MTA continues to face financial struggles despite fare hike proposals

NEW YORK — Even with a proposed fare hike for next year and a new surcharge for taxi and for-hire car trips in Manhattan, the MTA says the agency’s finances are on track to be in the worst shape seen in decades, with Chairman Joe Lhota adding it will even take more than the congestion pricing program Governor Cuomo is considering next year.

However, Lhota says the financial situation will not affect service.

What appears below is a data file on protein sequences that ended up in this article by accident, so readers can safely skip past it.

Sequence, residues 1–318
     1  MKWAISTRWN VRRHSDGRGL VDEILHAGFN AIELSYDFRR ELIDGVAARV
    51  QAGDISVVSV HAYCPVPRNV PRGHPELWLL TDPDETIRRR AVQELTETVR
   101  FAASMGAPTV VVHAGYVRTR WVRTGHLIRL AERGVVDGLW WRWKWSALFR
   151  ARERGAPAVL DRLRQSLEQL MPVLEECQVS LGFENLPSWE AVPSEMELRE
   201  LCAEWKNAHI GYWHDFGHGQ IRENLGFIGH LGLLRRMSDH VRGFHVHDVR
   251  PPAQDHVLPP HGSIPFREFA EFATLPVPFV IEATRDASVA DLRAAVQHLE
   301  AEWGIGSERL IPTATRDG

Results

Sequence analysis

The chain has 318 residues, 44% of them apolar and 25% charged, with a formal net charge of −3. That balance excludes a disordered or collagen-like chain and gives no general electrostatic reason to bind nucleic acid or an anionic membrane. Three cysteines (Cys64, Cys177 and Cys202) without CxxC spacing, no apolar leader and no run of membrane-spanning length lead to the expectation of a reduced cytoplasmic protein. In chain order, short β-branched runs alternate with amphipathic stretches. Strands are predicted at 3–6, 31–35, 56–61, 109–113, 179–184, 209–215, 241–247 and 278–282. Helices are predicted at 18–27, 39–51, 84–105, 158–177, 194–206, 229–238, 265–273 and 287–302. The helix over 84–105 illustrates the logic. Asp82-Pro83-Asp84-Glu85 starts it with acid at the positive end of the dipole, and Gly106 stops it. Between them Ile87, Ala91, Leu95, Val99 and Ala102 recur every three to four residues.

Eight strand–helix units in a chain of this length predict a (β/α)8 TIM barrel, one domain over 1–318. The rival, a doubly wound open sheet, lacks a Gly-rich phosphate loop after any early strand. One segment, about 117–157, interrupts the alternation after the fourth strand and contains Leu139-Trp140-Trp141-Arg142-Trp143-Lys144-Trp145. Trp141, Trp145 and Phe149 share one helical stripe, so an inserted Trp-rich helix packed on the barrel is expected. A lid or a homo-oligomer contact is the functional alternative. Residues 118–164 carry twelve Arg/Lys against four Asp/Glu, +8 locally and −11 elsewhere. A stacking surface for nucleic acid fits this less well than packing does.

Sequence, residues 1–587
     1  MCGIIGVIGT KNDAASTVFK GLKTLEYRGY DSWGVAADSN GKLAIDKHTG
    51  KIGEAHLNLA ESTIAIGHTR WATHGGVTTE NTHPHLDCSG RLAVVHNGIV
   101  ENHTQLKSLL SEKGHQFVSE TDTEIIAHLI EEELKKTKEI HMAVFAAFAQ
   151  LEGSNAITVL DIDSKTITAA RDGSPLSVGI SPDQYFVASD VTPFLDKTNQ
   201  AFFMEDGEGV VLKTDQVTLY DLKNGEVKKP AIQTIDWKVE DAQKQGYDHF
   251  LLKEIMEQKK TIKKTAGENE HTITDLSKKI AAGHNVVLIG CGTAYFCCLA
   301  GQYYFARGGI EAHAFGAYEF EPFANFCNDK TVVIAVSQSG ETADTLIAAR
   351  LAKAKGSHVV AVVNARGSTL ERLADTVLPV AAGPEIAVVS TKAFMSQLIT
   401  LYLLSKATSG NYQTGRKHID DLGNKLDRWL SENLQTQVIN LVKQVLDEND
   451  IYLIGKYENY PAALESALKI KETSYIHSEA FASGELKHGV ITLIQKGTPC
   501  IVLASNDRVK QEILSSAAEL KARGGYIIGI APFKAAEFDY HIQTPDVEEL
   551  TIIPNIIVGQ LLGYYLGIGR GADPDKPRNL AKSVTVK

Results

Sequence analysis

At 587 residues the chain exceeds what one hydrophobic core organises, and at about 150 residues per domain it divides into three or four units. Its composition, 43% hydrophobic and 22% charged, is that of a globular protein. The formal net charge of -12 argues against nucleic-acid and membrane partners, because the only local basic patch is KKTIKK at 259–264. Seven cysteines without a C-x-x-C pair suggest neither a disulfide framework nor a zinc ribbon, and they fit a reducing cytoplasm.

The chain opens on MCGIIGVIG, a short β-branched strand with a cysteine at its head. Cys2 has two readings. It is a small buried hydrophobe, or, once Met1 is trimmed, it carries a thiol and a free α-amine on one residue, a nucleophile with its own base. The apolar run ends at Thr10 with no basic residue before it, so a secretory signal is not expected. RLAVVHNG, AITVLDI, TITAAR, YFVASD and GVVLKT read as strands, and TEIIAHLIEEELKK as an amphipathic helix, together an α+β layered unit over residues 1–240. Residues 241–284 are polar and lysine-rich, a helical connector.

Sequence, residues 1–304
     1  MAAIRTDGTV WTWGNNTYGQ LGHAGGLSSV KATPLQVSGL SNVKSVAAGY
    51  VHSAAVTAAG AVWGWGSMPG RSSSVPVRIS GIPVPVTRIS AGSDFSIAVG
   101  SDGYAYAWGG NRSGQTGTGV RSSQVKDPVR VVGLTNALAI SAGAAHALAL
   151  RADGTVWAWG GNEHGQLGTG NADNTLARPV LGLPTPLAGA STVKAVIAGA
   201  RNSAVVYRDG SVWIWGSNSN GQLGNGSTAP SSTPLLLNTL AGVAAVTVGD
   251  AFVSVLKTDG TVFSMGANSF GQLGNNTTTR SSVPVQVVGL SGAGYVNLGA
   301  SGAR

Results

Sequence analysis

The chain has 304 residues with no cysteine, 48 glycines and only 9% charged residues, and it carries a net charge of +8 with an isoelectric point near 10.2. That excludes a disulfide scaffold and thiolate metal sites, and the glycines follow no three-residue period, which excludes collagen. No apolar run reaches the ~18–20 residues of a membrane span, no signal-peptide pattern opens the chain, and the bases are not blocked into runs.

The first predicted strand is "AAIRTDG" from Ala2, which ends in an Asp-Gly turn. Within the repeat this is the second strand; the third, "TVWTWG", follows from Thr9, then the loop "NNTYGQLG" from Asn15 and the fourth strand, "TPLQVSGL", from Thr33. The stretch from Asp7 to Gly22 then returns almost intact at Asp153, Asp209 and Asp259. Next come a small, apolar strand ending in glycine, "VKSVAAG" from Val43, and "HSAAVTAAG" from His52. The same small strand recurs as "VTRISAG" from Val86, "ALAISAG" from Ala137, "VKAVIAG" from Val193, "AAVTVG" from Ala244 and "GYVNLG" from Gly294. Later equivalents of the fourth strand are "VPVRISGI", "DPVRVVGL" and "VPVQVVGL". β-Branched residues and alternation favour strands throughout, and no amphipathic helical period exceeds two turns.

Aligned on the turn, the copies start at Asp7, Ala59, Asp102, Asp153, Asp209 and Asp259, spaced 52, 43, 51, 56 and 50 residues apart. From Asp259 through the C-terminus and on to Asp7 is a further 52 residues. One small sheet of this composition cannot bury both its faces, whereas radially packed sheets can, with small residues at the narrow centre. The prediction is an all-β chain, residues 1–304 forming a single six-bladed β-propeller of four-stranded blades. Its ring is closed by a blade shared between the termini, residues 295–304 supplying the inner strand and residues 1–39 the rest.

“We are not going to go backwards with the way decisions were made in the past about delaying repairs, delaying maintenance. Those days are over,” he said.

The MTA is starting at a $262 million budget gap in 2020 that will grow to $634 million by 2022. That’s even taking into consideration two four-percent fare hikes proposed for 2019 and 2021.

Those semi-annual increases announced in July would constitute the sixth and seventh hikes since 2009.

New York City’s transit already has $123 million worth of cuts proposed that includes fewer staffed station booths, and late-night bus services at the Staten Island ferry.

Lhota says he wants to avoid fare hikes and service cuts to close budget gaps, but the reality is they are facing declining ridership and real estate taxes that brought in less money than expected.